(68) I propose to deal with charge No. 10 which is the main charge in respect of using forged passport fraudulently (a valuable security) I have discussed under charge No. 10 in detail in C. A. 810 of 1966 and found that a passport creates a legal right, and, therefore, a valuable security within the meaning of Section 30 I. P. C. Page 2 of Ex. P-18 which is a part of the passport is undoubtedly false, and, therefore, it is a false document. The appellant does not say that it was not false. The signature of Stephen Thomas Lamb found in page 2 is forged by some one though not the appellant as the said Stephen was dead at the time of the issue of the passport. Th evidence of P. W. 22 is very clear that the appellant landed at Meenambakkam airport and produced Ex. P-18, which is a forged document. P. W. 22 believed that it was genuine on the representation made by the appellant and allowed him to go. This charge has been clearly proved against the appellant. The conviction under this charge is confirmed.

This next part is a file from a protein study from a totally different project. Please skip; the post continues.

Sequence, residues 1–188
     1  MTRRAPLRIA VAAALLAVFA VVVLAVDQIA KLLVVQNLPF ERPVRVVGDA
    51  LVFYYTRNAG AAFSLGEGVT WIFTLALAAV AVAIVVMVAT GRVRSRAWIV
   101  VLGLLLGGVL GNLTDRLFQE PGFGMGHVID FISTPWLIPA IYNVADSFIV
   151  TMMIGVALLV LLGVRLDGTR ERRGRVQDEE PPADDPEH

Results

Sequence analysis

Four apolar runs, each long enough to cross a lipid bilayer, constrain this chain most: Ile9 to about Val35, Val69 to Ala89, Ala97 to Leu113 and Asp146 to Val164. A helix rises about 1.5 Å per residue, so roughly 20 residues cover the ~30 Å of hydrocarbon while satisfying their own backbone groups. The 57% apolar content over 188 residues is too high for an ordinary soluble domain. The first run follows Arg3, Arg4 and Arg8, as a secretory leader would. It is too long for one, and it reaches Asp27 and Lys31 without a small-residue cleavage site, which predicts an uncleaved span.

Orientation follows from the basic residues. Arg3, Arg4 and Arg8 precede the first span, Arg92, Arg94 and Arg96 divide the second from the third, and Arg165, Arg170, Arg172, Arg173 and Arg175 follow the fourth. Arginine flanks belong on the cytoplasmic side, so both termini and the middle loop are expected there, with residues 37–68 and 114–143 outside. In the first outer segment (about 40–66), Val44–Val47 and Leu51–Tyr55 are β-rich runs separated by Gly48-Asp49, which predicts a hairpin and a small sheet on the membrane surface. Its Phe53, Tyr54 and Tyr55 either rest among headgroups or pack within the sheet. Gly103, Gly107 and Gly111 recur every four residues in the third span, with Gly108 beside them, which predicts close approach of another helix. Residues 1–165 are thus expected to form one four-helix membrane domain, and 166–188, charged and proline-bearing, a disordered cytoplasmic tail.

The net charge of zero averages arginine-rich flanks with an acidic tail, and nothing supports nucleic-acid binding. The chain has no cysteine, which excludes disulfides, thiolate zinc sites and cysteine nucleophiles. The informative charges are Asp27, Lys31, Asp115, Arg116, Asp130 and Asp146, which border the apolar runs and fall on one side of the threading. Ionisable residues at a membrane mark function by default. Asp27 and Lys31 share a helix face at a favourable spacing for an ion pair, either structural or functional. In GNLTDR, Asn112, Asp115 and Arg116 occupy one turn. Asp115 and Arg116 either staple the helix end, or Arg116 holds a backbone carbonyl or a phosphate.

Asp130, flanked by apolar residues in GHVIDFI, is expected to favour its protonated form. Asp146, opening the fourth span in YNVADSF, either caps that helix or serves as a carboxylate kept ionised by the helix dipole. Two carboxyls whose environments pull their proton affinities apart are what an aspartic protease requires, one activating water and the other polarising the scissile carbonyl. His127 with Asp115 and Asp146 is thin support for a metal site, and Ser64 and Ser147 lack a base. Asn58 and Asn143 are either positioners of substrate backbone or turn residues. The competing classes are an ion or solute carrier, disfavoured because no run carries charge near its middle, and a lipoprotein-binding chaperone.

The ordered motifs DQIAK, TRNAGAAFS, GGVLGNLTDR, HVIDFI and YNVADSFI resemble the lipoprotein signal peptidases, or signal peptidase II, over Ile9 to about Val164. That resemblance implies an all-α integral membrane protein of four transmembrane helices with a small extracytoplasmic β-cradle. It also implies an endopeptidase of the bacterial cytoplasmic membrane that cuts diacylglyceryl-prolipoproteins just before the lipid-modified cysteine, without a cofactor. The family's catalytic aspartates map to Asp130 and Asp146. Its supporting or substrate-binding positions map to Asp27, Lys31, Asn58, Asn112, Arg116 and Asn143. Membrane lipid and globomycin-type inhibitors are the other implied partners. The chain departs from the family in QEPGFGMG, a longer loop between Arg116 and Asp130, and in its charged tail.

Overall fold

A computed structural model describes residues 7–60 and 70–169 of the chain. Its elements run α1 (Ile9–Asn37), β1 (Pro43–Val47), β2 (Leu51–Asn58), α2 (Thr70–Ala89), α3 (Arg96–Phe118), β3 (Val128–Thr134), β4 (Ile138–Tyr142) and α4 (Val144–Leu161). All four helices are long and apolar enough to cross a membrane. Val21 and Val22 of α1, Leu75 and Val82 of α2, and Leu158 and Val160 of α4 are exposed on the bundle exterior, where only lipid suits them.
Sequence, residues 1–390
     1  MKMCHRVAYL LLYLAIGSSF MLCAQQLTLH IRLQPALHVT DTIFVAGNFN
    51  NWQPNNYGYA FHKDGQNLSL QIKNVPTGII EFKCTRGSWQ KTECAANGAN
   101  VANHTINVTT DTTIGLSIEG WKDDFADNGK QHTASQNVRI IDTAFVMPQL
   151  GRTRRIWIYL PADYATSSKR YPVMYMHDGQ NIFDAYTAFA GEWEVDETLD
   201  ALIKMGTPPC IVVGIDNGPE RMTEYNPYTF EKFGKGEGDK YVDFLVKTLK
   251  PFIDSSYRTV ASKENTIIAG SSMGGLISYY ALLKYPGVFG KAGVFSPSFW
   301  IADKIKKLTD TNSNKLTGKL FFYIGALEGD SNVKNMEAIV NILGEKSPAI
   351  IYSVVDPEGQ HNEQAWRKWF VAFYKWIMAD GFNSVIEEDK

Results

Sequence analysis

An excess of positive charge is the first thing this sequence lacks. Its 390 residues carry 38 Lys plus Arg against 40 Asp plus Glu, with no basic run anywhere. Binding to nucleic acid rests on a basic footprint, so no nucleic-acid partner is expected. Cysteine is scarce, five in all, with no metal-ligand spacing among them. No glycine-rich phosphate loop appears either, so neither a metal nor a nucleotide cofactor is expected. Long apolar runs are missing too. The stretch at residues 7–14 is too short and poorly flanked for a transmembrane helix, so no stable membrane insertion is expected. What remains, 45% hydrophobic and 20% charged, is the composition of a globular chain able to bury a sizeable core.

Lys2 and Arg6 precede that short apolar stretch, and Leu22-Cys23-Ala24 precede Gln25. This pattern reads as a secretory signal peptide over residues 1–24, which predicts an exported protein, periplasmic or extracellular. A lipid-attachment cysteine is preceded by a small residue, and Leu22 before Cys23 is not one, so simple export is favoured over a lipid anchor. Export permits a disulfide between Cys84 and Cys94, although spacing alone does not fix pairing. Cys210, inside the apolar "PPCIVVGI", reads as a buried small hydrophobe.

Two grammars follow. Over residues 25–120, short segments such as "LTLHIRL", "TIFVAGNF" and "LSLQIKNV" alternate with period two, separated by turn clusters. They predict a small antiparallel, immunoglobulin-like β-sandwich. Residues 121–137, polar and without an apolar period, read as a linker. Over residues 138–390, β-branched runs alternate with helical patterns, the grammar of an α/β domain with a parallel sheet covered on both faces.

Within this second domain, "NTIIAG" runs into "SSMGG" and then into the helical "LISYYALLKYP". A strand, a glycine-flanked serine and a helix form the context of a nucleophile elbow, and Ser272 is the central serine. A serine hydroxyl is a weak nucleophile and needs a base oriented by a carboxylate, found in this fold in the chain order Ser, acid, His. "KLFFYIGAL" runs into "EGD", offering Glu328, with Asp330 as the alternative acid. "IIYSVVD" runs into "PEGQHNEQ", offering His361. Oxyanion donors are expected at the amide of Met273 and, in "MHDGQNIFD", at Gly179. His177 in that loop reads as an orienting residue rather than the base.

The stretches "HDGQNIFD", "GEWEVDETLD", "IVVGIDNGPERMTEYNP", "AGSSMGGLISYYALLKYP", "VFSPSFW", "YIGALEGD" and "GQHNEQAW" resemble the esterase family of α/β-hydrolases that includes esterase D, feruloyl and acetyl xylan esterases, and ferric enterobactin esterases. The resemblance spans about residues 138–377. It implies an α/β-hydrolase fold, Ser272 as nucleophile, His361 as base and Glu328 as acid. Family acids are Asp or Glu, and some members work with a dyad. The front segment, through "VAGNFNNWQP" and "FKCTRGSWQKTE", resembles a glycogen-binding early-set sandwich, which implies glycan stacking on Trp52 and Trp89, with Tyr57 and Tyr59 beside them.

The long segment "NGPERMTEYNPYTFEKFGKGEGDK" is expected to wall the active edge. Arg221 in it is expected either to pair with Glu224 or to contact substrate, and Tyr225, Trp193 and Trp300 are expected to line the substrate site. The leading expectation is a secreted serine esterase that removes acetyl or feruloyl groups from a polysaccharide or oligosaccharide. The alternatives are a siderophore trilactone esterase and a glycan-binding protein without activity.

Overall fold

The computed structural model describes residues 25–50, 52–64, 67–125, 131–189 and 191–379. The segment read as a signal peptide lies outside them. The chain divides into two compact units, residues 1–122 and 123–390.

(69) The convictions under charges Nos. 3, 6 and 7 are similar to those of charges Nos. 3 and 6 and 7 in C. A. 810 of 1966. Charge No. 3 is under Rule 55(2)(b) read with Rule 55(3) of the Defence of India Rules. The possession or use of a forged document is prohibited under the said rule. Charge No. 6 is in respect of Rule 26(2) of the Defence of India Rules which provides that if any person contravenes any rule or order made under the Indian Passport Act shall be punished. Charge No. 7 is in respect of R. 3 read with Rule 5(v) and R. 6 of the Indian Passport Rules 1950, which provides punishment for any person entering this country without a valid passport. As I have found under charge No. 10, the appellant used a forged passport and charges Nos. 3, 6 and 7 deal with substantially what is dealt with under charge No. 10. I find the conviction under these charges are correct and they are confirmed.